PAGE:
By: Brandon C. Walecka, Esq.
Walecka Law, P.C.
Sometimes I meet with clients who explain that they recently got married but have chosen to keep their finances separate, maintaining separate bank accounts, splitting bills, and filing taxes separately. Now, one spouse’s health has significantly changed and it looks like the ill spouse will need to apply for MassHealth benefits. An emerging concern is whether the healthy spouse’s assets will be exposed.
Under the Medicaid (MassHealth in Massachusetts) law, when one member of a married couple applies for benefits, their combined assets and income must be reported to determine the eligibility of the spouse requiring skilled nursing care. However, there is an exception that is often used in cases of late, short-term marriages such as here. Often referred to as “spousal refusal,” the spouse can refuse to cooperate with the process and your sickly spouse’s eligibility should be based on their income and assets alone.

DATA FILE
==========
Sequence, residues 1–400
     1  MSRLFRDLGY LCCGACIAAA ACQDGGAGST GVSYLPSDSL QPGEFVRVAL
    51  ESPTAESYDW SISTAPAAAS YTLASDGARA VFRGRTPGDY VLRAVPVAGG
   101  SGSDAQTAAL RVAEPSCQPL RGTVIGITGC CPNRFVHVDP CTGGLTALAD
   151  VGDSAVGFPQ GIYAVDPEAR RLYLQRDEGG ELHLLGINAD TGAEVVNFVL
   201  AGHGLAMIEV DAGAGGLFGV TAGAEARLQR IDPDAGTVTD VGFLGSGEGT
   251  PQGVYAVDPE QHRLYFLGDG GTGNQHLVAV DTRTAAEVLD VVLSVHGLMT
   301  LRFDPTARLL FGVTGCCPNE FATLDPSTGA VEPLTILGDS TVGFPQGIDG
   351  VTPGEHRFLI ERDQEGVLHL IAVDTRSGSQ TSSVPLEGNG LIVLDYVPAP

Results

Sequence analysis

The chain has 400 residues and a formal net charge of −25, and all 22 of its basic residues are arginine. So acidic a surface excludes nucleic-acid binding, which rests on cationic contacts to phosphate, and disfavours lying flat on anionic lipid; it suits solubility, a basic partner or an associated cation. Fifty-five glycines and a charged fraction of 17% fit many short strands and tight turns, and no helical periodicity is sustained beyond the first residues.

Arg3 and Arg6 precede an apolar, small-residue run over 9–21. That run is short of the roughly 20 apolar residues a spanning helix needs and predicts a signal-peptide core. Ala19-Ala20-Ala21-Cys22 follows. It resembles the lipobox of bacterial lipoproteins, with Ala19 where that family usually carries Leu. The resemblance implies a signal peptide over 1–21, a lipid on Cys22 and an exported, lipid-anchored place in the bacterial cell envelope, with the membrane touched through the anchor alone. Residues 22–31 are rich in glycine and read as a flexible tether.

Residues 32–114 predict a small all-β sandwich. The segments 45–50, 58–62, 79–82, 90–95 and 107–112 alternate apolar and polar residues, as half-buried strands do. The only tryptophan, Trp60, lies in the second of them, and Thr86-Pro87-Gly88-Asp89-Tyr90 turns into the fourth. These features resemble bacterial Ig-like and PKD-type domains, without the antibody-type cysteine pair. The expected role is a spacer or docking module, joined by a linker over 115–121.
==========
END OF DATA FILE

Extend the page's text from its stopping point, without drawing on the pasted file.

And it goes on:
If you would like to learn more about spousal refusal exception, seek out assistance from an elder law attorney today.
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The information contained in this article is not intended to make you an expert on estate planning nor is this article intended to replace the need for the advice of a professional. Rather, this article is simply intended to provide a basic understanding of why estate planning is important for everybody and a basic understanding of some of the more common estate planning tools. This article does not constitute legal advice.